Alavanos of SYRIZA was a very good speaker, he took the PM to task when he called protesting students as rabble rousing thugs. Unfortunatley the structure of the debate was such that the PM couldn't respond or explain himself as to why he slandered the students in such a way. But i am trying to remember a particular policy they raised... I don't remember, but i do know he spoke passionately. 9 points to him.

Karatzaferis of LAOS, the christian orthodox right party was also a good speaker and it was interesting to note how he hooked his seemingly racist policy of anti-immigration onto statements of ND, particularly those where they alluded to foreigners setting fires in Greece. And he delivered the best line of the night when he answered the question directed at the PM - "What would you say to the little girl who asks, what makes a good PM" He responded with "Be born a Karamanlis or a Papandreou" And with that one line i can see a whole lot votes going his way, irrelevant of what his policies are.

Last on the list was Papathemilis of the Christian Rennaisance party. A former PASOK member and affiliate of ND. The only real reason of his existence in this election is to stop the bleeding of votes from ND to LAOS. He ignored the time limit continously and just droned on and on and on. His biggest achievement was proclaiming that he has been in parliament since 1974 and is therefore the most successfull politician. Someone should tell the person that politics isn't a marathon race, its about doing something for the people... but maybe he does know that and thats why he refers to it as a marathon.

All in all, despite the many and obvious flaws of the so called 'debate' it did give the viewer some insight into the candidates, their policies or their lack of. It would be interesting to find out how many people watched, seeing as it was on every channel. When i stepped onto the balcony there weren't any cars on the road and i could hear the 'debate' coming out of neighbours windows. Which shows that people are interested in politics and debate, which is always a healthy thing.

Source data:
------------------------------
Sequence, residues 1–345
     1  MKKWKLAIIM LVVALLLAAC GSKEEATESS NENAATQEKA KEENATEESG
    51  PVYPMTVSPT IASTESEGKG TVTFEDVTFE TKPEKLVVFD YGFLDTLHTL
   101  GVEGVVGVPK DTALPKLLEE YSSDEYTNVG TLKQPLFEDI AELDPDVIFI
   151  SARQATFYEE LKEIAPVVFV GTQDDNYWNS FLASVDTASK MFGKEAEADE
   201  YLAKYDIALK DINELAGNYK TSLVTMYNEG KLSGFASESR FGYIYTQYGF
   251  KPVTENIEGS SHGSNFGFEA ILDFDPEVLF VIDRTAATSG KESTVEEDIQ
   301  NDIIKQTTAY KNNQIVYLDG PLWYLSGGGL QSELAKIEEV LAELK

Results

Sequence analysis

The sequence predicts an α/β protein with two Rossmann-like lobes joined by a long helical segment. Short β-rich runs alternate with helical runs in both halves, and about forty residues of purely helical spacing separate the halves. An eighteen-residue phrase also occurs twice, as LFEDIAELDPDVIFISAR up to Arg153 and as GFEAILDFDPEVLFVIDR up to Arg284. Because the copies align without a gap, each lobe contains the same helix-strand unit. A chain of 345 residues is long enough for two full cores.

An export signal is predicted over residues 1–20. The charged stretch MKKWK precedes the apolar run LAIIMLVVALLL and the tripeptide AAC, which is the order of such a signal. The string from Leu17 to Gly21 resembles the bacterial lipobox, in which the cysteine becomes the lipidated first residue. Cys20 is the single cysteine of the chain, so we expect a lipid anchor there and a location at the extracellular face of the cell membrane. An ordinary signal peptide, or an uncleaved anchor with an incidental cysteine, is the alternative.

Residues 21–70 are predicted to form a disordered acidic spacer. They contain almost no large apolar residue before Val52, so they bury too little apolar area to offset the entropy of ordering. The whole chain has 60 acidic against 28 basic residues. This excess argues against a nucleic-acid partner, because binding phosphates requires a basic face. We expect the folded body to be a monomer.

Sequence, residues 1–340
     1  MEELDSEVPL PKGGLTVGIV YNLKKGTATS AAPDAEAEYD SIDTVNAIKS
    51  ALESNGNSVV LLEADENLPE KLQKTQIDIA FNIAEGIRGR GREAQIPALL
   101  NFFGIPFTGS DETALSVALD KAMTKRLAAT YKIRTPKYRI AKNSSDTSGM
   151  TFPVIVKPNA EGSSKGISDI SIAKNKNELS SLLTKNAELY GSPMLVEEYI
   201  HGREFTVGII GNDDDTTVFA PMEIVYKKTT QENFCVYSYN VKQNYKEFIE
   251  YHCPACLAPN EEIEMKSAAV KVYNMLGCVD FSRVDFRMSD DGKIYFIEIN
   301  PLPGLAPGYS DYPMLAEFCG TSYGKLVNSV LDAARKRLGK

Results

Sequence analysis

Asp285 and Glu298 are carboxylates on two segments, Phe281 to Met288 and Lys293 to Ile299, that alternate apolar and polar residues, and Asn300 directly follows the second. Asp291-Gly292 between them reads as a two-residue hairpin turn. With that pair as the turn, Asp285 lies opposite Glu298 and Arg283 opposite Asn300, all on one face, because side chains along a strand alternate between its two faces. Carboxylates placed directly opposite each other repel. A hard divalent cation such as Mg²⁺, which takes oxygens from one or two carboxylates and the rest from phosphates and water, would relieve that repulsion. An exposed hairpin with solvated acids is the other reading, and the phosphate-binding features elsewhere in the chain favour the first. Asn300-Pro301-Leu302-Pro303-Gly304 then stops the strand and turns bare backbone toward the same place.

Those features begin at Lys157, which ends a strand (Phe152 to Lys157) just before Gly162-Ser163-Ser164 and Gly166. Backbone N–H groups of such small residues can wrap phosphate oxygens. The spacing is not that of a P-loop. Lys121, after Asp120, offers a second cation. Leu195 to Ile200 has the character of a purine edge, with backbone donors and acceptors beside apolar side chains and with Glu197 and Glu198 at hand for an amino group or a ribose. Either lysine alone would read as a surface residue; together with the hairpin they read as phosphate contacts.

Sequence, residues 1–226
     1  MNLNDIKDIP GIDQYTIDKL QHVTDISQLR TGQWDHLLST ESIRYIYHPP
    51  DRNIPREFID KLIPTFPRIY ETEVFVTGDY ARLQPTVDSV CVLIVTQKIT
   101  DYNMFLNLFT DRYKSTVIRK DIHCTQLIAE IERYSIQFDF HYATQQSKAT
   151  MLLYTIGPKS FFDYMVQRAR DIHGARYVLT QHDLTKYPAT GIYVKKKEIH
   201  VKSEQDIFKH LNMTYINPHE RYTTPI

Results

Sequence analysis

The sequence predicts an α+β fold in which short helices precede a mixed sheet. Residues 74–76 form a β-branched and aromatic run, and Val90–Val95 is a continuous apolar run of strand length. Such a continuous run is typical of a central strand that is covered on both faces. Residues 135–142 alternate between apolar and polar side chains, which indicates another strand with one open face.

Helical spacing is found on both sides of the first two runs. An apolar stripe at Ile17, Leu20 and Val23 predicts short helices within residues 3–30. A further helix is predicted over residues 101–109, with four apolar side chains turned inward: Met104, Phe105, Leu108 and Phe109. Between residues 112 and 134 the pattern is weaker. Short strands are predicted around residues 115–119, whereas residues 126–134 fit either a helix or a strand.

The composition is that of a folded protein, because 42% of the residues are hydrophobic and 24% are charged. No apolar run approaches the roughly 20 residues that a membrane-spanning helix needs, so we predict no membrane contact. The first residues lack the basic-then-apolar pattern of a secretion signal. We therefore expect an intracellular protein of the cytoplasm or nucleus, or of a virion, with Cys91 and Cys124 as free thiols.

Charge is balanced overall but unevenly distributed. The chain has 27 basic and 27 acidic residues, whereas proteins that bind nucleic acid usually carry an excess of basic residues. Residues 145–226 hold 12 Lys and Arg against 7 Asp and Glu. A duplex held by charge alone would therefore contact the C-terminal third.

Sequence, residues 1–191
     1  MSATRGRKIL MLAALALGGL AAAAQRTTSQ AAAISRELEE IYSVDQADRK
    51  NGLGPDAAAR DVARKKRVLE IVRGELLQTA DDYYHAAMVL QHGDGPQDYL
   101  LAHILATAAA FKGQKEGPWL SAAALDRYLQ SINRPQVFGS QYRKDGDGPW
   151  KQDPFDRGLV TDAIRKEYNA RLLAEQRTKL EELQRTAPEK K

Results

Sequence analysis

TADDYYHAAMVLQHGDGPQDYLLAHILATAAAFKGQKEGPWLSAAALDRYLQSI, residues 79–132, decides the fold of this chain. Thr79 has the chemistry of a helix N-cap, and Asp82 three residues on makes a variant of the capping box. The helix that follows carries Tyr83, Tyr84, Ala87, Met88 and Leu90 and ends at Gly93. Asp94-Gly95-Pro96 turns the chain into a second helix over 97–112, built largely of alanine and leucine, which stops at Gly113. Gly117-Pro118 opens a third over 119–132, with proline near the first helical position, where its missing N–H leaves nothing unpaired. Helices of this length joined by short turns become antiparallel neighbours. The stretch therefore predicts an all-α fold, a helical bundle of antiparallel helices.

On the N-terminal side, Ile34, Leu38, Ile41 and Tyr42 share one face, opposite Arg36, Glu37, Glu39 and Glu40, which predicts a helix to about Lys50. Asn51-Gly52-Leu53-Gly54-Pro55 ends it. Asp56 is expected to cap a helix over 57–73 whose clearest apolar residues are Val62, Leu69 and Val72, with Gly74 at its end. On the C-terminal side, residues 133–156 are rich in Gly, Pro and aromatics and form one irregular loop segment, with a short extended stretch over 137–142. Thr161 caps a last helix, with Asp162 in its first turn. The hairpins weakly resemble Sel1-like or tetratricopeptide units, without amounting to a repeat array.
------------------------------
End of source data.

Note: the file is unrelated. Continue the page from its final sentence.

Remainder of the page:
graffic said...

My greek understanding was not enough to follow the debate but it was tooooooo quiet.

Nightboat said...

An interesting post - but then pretty much all your dispatches are, Vassili. This is a great blog and one I value a great deal as a member of the diaspora.

Unknown said...
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Vassili - Mike said...

Graffic: Yes it was, and unfortunately not a real debate.
Rokos: Thanks for telling me, i do wonder who reads and why, and if you wanna me to fill you in on anything going on here, just tell me and i will try my best
Hans: LAOS is a tricky one, but I do think they can do more good - as long as they are treated seriously and we attack racism at the root, and not the personality

dorin said...

I can't understand you. Why you blame Papandreou for his calm? A good politician has to be calm when he have to chose the good decision. He is the only among the 6 politicians who represents something in the international politics arena. He is the president of the Socialist International and he is apreciated in all the european capitals.

Vassili - Mike said...

Dorin: I dont understand myself sometime. Its just that Greece has been burnt to a crisp, corruption is on the increase, New D is allowing shipping comapnies to pollute the Aegean, it is allowing tourist developments on the beaches, turning them into concrete bunkers. It appears that The government organised a corrupt brokerage deal to steal from the pension scheme, and thats just what happened in the past few months. That makes me Angry! and I guess i want to see others angry as well. But you are right, he was more statesman like - otherwise he would be a ranting loon like me, but does statesman like win the election?